If any of these questions ring a bell, then chances are that you are an authoritarian parent. And you believe that your child should follow the rules without any question and do as you say!


2. Authoritative Parenting

“High standards but offer lots of guidance and support”


Authoritative parenting is a better version of authoritarian parenting. The parents like to set high standards and rules. But they also provide support and guidance for their children to achieve those standards and follow the rules.

Authoritative parents are more likely to validate their children’s feelings than completely ignore them. They do have rules and show that they are in charge but they also take into account what their child might have to say about it. The key is that they know that when their child needs warmth, feedback, and support.

They invest their time and effort into positive parenting like praise, rewards, and reinforcing good behavior. The disciplinary methods are assertive, supportive, and nurturing than punitive. Their focus is on preventing behavioral problems before they start.

So, they tend to be efficient and cohesive in decision-making and avoid any safety risks on their own. These are the impacts of authoritative parenting:

  • The combination of expectations and support makes this an effective parenting style. That helps the children learn independence, self-regulation, and self-control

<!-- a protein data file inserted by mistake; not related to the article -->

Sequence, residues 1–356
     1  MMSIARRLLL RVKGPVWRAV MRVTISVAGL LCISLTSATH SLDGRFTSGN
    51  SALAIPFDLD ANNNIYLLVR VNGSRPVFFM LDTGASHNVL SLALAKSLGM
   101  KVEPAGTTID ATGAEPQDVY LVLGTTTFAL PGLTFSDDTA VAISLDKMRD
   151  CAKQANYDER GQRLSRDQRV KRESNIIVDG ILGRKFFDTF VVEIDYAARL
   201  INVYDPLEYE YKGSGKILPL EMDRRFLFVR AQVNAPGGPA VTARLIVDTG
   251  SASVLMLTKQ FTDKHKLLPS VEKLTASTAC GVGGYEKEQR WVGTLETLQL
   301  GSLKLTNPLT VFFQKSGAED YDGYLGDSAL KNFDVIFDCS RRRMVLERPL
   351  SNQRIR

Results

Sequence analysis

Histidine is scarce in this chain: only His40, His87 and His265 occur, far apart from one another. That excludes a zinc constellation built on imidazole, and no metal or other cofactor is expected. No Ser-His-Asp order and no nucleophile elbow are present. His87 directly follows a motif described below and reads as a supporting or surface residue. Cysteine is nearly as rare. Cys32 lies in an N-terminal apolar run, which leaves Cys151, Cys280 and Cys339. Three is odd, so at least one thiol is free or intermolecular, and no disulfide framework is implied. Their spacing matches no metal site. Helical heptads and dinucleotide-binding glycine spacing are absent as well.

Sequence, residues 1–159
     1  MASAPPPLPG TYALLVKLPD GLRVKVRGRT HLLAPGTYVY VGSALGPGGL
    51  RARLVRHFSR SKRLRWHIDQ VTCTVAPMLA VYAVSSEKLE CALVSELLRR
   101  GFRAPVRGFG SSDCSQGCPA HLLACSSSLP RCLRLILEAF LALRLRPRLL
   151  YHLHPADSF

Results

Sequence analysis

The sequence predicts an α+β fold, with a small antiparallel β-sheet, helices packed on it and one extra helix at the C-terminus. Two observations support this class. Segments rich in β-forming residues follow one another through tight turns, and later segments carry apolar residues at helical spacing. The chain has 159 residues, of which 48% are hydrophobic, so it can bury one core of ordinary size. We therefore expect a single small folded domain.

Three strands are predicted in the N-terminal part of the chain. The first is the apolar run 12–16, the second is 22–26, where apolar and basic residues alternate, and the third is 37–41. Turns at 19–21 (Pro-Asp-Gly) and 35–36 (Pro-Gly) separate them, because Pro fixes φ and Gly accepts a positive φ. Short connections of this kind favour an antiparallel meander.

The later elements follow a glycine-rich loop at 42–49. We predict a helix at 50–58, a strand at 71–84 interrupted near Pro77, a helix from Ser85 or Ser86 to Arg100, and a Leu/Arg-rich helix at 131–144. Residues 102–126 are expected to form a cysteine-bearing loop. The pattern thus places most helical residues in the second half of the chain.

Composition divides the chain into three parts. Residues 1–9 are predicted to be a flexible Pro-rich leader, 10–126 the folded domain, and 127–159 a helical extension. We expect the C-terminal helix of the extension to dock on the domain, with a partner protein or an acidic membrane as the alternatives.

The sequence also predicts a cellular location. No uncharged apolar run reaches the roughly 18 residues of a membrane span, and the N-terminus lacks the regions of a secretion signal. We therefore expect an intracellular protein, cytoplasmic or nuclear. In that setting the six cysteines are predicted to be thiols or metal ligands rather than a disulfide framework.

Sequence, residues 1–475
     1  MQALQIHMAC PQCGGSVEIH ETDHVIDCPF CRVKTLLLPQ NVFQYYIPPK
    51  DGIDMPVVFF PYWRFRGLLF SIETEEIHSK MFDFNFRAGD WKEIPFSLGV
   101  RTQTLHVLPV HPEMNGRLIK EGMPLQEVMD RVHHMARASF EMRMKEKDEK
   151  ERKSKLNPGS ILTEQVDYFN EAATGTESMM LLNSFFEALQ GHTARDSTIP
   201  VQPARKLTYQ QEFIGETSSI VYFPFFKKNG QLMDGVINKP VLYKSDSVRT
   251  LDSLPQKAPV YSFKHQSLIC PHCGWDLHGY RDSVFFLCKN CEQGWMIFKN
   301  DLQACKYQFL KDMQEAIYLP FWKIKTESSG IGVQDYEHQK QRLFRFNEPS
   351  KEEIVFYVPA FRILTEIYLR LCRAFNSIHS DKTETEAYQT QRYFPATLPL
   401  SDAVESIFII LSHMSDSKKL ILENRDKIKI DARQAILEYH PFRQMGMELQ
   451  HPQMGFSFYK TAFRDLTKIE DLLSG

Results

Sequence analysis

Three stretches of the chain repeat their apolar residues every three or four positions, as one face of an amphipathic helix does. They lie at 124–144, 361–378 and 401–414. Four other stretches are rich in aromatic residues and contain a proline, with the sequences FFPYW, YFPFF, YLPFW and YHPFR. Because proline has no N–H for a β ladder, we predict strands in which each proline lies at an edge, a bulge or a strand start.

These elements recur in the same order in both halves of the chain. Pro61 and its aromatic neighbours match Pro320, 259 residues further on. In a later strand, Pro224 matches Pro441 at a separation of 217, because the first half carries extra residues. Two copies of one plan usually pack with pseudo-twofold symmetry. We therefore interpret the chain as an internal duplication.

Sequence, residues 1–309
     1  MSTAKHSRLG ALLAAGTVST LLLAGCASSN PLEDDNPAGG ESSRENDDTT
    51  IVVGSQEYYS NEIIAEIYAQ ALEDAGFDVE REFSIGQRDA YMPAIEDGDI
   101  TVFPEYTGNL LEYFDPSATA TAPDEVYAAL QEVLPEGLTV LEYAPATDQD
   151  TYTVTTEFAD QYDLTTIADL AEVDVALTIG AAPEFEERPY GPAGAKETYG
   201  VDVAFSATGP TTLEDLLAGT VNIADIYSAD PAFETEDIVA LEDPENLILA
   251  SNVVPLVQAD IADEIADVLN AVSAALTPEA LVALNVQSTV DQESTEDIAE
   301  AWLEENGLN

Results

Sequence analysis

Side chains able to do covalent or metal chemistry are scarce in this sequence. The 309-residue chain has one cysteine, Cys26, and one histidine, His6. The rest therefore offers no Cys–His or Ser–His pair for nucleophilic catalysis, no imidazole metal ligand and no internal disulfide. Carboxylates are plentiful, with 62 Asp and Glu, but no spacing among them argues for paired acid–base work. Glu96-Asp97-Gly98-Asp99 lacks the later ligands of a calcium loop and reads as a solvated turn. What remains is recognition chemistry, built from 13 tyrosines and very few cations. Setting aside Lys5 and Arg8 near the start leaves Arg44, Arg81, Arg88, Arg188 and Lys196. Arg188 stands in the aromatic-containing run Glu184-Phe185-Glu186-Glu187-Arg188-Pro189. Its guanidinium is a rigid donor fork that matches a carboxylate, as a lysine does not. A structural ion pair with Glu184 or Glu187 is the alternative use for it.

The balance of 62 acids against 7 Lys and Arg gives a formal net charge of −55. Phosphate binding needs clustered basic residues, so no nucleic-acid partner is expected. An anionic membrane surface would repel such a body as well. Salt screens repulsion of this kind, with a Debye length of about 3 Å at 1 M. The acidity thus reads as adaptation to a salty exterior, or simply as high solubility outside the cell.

• Children with authoritative parents are more likely to be socially responsible and happier in life
  • The children learn from their parents how to be good at decision making and evaluate their safety risks
  • They grow up to be adults who feel comfortable in expressing their opinions confidently

Are you an authoritative parent?

If you are an authoritative parent, then most of your answers will be yes to the following questions:

  • You like to explain why you have a certain rule
  • There are rules with consequences but you like to listen to your child’s opinion
  • You child is not afraid when they make a mistake, of how hostile your reaction might be
  • The main focus is to maintain a happy and healthy relationship with your child
  • Positive parenting is your go-to rather than punishments and making your child feel guilty
  • The approach towards discipline is mutual rather than “my way or highway” tactics


3. Permissive Parenting

“Have almost no rules or limits with limited guidance and support”


Permissive parents have a hard time enforcing rules and limits on their children. Even when they have rules, they are inconsistent with keeping up with the rules. Basically, they are extremely lenient and forgiving.

Permissive parents like to stay involved in their child’s life but they lack in judging what might be a behavioral issue. They want to cater to every need and demand of their child. Usually, no is never the answer and they allow almost everything.

The parents who fall under the permissive parenting style, think that they are “more like a friend” to their child than an authoritative parent. They feel that the child can figure out what they want on their own. The children are not monitored closely and they tend to have a lot of freedom.